The values I wish to convey onto my students are that of the power of positivity and open-mindedness. For it is easy to avoid things that make us uncomfortable, but growth rarely happens by avoiding weaknesses and unfamiliarity. While filling the role of a student its best to not have any internal berries to learning. Staying positive and open to new experiences is something that greatly helped me grow and for that reason I strive to pass those values on to my students. Fear of failure shouldn’t be something holding student’s back for not attempting something is a failure of its own, and often times it is through failure that we learn the most valuable lessons. Through the trust built with my students I will act as their guide in the realm of pharmacy, and I will guide them to the edge of their comfort zone and encourage them to take a step beyond it. For example, if students fear making a recommendation to a prescriber, I will encourage them to do just that, with my guidance. If they fear giving presentations to pharmacy professional or providers, I will guide them through those turbulent waters, and will provide them tools and support as they take sail on their own. By learning to be open to new experiences and having a positive outlook, students will be better prepared to take on differing responsibilities and challenges.

I aspire to help my students fulfill their best potential, for them to not only learn but to grow as future pharmacists. Through mentorship I hope to build strong and meaningful relationships with my students where we have trust and a mutual respect for each other. The investment of my time, support, and encouragement while providing room for individual growth will provide for my students the positive yet challenging environment conducive to their learning and clinical development.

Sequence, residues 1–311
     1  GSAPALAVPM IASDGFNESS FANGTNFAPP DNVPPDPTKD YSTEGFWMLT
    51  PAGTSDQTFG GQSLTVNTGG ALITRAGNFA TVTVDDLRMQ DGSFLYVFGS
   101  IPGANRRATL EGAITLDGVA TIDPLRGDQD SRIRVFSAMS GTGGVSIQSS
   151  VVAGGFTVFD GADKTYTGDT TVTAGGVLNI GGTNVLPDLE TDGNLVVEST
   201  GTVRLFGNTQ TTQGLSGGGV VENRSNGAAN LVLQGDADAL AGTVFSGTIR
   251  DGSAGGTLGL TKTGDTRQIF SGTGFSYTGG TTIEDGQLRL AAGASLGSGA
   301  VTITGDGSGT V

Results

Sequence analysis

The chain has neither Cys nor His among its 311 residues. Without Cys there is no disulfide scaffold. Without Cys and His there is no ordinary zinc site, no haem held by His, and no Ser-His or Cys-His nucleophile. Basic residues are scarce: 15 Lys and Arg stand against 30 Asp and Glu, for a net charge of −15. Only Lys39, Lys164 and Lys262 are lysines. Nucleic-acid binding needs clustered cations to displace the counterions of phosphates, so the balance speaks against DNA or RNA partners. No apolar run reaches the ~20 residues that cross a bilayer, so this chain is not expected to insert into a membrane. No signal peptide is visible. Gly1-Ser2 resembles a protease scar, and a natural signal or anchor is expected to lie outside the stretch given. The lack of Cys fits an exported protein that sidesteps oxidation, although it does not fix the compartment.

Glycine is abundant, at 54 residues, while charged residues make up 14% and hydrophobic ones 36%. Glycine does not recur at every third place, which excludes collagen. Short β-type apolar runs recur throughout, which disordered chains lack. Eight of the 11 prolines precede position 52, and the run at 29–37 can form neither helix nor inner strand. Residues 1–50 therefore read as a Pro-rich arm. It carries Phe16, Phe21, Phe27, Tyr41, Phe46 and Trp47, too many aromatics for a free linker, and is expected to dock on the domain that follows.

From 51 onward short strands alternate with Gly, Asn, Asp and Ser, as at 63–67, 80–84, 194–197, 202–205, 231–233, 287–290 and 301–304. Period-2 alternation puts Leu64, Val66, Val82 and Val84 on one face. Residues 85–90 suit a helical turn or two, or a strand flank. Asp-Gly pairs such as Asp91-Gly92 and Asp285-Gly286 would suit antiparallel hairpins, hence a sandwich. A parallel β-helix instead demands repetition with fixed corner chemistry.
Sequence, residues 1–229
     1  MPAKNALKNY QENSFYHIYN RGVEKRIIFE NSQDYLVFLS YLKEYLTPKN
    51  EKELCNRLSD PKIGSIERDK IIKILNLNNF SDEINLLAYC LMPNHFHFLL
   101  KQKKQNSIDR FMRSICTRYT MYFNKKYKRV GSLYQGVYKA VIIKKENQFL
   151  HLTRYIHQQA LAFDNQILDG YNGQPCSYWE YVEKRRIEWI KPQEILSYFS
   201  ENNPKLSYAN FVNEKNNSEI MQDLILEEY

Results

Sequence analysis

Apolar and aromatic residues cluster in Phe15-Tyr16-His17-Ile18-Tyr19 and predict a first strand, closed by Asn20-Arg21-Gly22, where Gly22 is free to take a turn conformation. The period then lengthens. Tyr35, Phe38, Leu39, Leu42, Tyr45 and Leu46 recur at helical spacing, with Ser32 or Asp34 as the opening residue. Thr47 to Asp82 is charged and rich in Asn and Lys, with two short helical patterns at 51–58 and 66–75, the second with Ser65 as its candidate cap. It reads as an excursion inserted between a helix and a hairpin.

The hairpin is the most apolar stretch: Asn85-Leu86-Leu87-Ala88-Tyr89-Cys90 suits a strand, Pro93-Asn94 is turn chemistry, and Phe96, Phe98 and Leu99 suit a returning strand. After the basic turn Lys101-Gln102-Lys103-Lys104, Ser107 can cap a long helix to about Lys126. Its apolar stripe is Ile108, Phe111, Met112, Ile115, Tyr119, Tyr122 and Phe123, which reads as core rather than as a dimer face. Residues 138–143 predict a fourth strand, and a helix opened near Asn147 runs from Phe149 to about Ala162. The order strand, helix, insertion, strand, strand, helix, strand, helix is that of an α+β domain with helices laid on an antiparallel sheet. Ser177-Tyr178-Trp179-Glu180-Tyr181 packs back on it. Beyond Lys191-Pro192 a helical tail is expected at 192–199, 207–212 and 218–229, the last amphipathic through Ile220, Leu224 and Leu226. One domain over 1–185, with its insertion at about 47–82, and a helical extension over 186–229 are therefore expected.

I measure the success of the students and my teachings by the growth seen in the students. Because every student is different and may be starting at a different level, I believe this to be the best way to determine the success of my teaching. The goal is not for the students to just know more than when they came to me, but for them to grow in a way that will help them in their next rotation or experience. Because all rotations have differences in information or scopes of practice, my goals do not center on information alone but on helping them progress as a whole. I feel that this approach helped me as a student the most in my growth of knowledge and overall responsibility. I hope that that no matter where my students go next, that they will start with more tools for success than they did when beginning with me, and ultimately I wish for their success.

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Mentoring Is More Than Teaching. (2022, Apr 28). Retrieved from